– Educated persons are skilled in the art of rhetoric, which enables them to articulate thought with clarty and superior argumentation.
– What enables one to lead others can be taught.
– No one is absolutely self-sufficient, for human survival depends on mutual cooperation in society – hence the importance of values, communication, and laws.
– Because all have a basic need for self-preservation, all have the obligation to participate in the governance of the community.
– Man in the measure of all things: Perception and truth are related to the experience and judgment of the individual.
– One cannot with certainty either affirm or reject the existence of the gods.
Protagoras of Abdera was one of several fifth century Greek thinkers (including also Gorgias, Hippias, and Prodicus) collectively known as the Older Sophists, a group of traveling teachers or intellectuals who were experts in rhetoric (the science of oratory) and related subjects. Surprising little is known of Protagoras’ life with any certainty. Our main sources of information concerning Protagoras are:
Plato (427-347 BC): Protagoras is a leading character in Plato’s dialogue Protagoras and Protagoras’ doctrines are discussed extensively in Plato’s Theaetetus. Plato’s dialogues, however, are a mixture of historical account and artistic license, much in the manner of the comic plays of the period. Moreover, Protagoras died when Plato was quite young and Plato may have depended on not entirely reliable second-hand evidence for his understanding of Protagoras.
Diogenes Laertius (3rd century BC): Diogenes’ Lives of the Philosophers is probably our single most extensive source for many early Greek philosophers’ works and biographies. Unfortunately, his work was compiled over six hundred years after Protagoras’ death and is an uncritical compilation of materials from a wide variety of sources, some reliable, some not, and many hopelessly garbled
Sextus Empiricus (late 2nd century BC): Sextus Empiricus was a skeptic of the Pyrrhonian school. Sextus wrote several books criticizing the dogmatists (non-skeptics). His treatment of Protagoras is somewhat favorable, but since his purpose is to prove the superiority of Pyrrhonism to all other philosophies,we cannot trust him to be “objective” in a modern sense; moreover, like Diogenes, he wrote several hundred years after Protagoras’ death and may not have had completely reliable sources.
The first step in understanding Protagoras is to define the general category of “sophist,” a term often applied to Protagoras in antiquity.
In the fifth century, the term referred mainly to people who were known for their knowledge (e.g. Socrates, the seven sages) and those who earned money by teaching advanced pupils (e.g. Protagoras, Prodicus) and seemed to be a somewhat neutral term, although sometimes used with pejorative overtones by those who disapproved of the new ideas of the so-called “Sophistic Enlightenment”.
By the fourth century the term becomes more specialized, limited to those who taught rhetoric, specifically the ability to speak in assemblies or law courts. Because sophistic skills could promote injustice (demagoguery in assemblies, winning unjust lawsuits) as well as justice (persuading the polis to act correctly, allowing the underprivileged to win justice for themselves), the term “sophist” gradually acquired the negative connotation of cleverness not restrained by ethics.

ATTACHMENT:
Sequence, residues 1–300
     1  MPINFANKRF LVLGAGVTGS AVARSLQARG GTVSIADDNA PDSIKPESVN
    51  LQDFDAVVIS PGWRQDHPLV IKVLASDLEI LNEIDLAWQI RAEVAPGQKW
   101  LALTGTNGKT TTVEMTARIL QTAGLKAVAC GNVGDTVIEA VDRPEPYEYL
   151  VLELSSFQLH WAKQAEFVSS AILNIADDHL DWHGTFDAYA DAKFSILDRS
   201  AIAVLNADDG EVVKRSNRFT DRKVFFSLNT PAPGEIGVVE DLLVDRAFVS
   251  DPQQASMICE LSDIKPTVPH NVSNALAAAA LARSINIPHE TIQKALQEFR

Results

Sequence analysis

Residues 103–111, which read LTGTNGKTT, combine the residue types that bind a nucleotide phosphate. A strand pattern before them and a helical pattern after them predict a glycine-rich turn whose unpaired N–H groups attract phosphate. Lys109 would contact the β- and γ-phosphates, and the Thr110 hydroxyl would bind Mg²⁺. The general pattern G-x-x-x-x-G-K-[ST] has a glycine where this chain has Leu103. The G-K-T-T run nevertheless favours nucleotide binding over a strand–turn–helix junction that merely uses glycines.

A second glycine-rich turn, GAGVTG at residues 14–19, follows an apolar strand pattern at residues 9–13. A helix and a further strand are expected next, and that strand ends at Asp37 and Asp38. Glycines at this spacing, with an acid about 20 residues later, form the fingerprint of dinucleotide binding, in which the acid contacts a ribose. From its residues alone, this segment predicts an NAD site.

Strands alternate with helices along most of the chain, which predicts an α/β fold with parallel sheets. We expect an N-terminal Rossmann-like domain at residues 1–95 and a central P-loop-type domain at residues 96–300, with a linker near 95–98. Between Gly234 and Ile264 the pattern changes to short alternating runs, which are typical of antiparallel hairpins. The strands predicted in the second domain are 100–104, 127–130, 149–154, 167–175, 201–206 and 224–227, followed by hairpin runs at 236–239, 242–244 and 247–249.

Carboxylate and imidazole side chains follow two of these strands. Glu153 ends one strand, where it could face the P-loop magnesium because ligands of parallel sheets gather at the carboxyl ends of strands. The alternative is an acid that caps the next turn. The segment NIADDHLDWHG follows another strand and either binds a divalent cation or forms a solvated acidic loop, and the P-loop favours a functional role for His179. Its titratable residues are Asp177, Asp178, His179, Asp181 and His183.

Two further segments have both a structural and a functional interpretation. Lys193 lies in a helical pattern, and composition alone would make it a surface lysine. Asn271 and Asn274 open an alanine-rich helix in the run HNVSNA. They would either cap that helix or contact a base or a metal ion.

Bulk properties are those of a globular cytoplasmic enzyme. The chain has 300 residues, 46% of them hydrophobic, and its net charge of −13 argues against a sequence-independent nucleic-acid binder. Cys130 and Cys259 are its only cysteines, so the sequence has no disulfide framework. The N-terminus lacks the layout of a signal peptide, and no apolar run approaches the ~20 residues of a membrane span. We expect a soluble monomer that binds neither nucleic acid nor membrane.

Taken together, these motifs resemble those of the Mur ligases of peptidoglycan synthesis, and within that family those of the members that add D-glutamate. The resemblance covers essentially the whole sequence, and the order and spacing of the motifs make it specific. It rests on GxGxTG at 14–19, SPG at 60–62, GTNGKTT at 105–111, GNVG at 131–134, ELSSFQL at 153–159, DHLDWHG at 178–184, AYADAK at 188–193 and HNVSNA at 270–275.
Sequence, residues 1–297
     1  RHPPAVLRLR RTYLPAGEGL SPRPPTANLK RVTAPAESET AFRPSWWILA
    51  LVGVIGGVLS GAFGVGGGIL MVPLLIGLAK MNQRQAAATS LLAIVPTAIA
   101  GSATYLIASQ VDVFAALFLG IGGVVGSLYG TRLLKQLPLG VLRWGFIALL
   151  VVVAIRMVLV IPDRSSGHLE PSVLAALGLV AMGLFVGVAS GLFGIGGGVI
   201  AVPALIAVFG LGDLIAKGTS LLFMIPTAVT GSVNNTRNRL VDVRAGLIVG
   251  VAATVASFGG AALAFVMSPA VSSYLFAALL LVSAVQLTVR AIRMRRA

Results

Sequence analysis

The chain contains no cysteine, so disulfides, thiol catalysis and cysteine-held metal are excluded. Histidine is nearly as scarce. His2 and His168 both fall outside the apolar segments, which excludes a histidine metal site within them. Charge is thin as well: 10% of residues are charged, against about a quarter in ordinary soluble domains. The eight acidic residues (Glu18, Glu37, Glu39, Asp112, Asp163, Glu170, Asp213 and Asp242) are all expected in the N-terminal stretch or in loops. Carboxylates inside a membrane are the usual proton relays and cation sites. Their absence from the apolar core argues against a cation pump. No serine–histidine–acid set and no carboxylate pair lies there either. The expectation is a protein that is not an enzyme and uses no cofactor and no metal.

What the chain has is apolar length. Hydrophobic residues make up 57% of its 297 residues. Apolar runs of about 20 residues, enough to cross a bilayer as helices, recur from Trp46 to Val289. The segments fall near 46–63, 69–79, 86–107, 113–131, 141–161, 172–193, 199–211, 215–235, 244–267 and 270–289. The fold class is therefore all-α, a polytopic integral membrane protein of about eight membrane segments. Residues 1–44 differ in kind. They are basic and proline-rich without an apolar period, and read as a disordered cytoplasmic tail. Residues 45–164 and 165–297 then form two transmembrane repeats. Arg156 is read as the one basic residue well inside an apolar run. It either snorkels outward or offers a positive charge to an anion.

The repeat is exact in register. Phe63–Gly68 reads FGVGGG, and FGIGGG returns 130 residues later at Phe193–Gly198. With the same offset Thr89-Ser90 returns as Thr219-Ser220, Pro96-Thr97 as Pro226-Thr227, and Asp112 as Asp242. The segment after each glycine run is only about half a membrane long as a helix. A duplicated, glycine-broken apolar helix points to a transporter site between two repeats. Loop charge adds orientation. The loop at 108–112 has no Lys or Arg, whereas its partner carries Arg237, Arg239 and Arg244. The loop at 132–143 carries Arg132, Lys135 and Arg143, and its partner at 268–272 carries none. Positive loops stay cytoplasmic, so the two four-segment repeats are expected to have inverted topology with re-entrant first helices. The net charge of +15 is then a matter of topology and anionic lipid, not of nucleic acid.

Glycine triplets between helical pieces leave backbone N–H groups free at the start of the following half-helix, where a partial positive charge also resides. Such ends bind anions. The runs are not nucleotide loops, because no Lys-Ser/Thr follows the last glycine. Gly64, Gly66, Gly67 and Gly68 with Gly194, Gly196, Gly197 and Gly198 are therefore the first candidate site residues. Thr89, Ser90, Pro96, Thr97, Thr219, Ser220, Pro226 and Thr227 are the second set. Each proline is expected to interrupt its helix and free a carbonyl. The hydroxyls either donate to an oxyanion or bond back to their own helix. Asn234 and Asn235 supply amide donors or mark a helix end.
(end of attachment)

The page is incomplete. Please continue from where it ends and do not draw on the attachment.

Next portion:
Conventionally, the term “Older Sophist” is restricted to a small number of figures known from the Platonic dialogues (Protagoras, Gorgias, Prodicus, Hippias, Euthydemus, Thrasymachus and sometimes others). Whether these figures actually had some common body of doctrines is uncertain.
At times scholars have tended to lump them together in a group, and attribute to them all a combination of religious skepticism, skill in argument, epistemological and moral relativism, and a certain degree of intellectual unscrupulousness. These characteristics, though, were probably more typical of their fourth century followers than of the Older Sophists themselves, who tended to agree with and follow generally accepted moral codes, even while their more abstract speculations undermined the epistemological foundations of traditional morality.
When we separate Protagoras from general portraits of “sophistic”, as most scholars (e.g. the ones listed below in the bibliography) recommend, our information about him is relatively sparse.
He was born in approximately 490 BC in the town of Abdera in Thrace. He traveled around Greece earning his living primarily as a teacher and perhaps advisor and lived in Athens for several years, where he associated with Pericles and other rich and influential Athenians.
Pericles invited him to write the constitution for the newly founded Athenian colony of Thurii in 444 BC Many later legends developed around the life of Protagoras which are probably false, including stories concerning his having studied with Democritus, his trial for impiety, the burning of his books, and his flight from Athens.
Protagoras is known primarily for three claims:
(1) that man is the measure of all things (which is often interpreted as a sort of radical relativism)
(2) that he could make the “worse (or weaker) argument appear the better (or stronger)”, and
(3) that one could not tell if the gods existed or not.
While some ancient sources claim that these positions led to his having been tried for impiety in Athens and his books burned, these stories may well have been later legends. Protagoras’ notion that judgments and knowledge are in some way relative to the person judging or knowing has been very influential, and is still widely discussed in contemporary philosophy.
Major Works of Protagoras
– On Truth
– On the Gods